At the beginning of Wednesday’s 2012 NMHC Apartment Strategies/Finance Conference, the council’s chief economist, Mark Obrinsky, set the stage for the day’s discussion when he some noted some hesitation with the economy after a strong winter.
“There seem to be a few doubts sneaking into the discussion,” he said.
The panelists at yesterday’s conference overwhelmingly remained steadfast in their belief that the apartment industry is due for a nice run over the next few years, although it may be difficult to keep pushing rent increases as a number of markets like Washington, D.C., New York, Boston, San Francisco, Minneapolis, Miami, Philadelphia and Detroit pushed past pre-recession rent levels.
Here were four surprises from the day:
Small Construction Lenders Open Up: There was a time when apartment construction was only happening in the gateway markets. Tom Booher, executive vice president at PNC Real Estate, says that’s no longer the case. He’s losing smaller loans in cities like Indianapolis, Toledo, Ohio, Cincinnati and Columbus, to lenders offering 80 to 85 percent loan to cost and trending rents.Booher noted that a lot of life companies are also looking at the construction debt market.
Developers Push Starts Ahead of Construction Cost Increases: While debt is opening up, equity still seems stingy. That said, the panelists at the “On Recovery is in the Rearview Mirror – Development Returns in 2012” session did have some concerns outside of funding. For Clyde Holland, CEO of The Holland Partner Group, and Jay Jacobson, a director at Wood Partners, the concern is rising construction costs. That’s why both men front loaded their pipelines—to get units out of the ground before costs rose. “That’s the 1,000-pound gorilla in the room,” Jacobson said. “What happens with construction costs?”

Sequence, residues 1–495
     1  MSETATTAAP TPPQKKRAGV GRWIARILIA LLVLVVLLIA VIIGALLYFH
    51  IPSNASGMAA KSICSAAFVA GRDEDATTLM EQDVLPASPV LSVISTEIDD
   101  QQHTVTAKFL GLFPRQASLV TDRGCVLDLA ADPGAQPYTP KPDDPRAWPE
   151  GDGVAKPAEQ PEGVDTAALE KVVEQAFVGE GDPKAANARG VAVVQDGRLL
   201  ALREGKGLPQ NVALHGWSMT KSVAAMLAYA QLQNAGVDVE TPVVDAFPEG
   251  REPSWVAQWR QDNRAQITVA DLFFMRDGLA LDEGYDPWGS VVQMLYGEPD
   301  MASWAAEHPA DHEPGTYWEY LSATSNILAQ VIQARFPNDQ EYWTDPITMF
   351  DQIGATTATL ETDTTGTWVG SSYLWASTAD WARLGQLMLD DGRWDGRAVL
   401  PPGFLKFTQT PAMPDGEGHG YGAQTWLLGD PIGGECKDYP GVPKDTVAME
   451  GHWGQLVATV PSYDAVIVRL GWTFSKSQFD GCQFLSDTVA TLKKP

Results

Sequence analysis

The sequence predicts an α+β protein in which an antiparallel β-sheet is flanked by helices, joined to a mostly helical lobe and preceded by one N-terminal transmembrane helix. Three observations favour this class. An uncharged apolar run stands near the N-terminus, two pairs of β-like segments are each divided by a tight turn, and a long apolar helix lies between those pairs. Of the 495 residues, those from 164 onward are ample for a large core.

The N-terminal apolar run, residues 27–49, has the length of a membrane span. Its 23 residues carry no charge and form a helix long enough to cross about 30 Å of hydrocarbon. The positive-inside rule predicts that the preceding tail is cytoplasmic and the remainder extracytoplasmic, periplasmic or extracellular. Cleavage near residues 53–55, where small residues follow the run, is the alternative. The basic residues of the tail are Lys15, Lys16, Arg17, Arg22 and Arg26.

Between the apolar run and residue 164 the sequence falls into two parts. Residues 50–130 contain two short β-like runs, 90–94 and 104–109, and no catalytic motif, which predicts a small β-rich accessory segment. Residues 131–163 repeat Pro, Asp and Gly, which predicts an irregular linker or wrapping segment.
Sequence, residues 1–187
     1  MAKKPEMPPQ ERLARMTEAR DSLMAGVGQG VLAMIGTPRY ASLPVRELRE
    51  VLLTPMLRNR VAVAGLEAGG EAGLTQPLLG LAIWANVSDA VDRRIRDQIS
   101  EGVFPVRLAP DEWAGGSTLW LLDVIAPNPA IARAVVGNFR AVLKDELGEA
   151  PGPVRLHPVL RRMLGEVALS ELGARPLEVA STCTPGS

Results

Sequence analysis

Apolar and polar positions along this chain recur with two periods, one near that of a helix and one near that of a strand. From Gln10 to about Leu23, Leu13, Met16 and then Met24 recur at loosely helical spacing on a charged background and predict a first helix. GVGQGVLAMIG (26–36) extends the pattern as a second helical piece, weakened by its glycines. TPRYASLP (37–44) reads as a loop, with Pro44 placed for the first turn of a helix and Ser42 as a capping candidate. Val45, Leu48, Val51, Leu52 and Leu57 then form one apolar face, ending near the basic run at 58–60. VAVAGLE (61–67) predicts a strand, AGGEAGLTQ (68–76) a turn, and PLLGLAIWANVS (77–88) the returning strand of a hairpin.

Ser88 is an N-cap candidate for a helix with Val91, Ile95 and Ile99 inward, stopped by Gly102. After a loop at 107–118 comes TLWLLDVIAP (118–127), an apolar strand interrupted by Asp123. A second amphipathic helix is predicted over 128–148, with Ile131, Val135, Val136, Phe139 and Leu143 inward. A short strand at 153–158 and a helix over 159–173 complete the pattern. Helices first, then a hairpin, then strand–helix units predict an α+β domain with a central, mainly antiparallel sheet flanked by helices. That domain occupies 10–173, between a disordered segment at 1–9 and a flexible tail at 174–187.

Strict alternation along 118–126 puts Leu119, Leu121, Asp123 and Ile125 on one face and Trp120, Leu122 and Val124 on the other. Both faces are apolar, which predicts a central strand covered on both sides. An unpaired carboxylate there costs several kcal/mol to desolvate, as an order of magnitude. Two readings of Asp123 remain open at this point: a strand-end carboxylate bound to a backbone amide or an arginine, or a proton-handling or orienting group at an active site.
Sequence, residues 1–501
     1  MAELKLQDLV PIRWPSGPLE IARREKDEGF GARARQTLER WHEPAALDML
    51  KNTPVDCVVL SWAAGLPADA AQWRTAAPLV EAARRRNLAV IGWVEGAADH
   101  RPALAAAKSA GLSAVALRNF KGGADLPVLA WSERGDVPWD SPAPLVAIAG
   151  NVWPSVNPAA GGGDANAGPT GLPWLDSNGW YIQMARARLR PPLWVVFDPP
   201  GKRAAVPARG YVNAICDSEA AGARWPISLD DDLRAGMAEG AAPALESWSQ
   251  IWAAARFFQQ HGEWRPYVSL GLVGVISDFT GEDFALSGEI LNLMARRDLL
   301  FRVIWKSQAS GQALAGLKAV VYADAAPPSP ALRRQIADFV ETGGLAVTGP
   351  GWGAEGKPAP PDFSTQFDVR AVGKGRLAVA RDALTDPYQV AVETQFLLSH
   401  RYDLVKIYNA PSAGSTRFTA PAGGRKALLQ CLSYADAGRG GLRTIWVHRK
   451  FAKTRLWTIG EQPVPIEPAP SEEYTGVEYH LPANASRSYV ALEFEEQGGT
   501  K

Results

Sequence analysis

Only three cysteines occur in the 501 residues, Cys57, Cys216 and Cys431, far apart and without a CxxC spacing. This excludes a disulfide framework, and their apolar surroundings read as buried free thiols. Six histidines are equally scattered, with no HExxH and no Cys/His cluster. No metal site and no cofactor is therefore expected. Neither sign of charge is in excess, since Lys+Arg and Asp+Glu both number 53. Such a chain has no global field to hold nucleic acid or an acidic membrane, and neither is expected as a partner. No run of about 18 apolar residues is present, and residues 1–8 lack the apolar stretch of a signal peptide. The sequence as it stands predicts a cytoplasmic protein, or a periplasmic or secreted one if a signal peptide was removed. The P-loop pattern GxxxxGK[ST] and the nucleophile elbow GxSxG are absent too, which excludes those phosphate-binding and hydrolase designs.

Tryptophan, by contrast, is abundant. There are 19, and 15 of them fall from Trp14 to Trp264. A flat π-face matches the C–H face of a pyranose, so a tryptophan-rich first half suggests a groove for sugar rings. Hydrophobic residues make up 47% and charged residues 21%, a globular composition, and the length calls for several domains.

Higher Rents May Do the Same Thing to Millennials that the Recession Did: When twenty-somethings doubled and moved home in 2008 and 2009, it was because they lost their jobs. It's beginning again. There’s already migration from A’s to B’s among customers who can’t stomach the rent increases. Panelists yesterday said that rents inching up could also push Gen-Y-ers back to these familiar places. “There are a lot of renters moving from A to the rehabbed B,” said Mathhew Lawton, executive managing director at HFF. “That’s why value add is back in play.”
It’s the Women Renting Your Apartments: The story of the 25-to-34 year old cohort tells apartment owners a great deal. Citing data from Fannie Mae, Jay Lybik, vice president of research, said that almost 35 percent of females in this demographic have college degrees. Conversely, more than 18 percent of those males moved home. “It was the boys that came back [home],” he said. That leaves the women renting your apartments.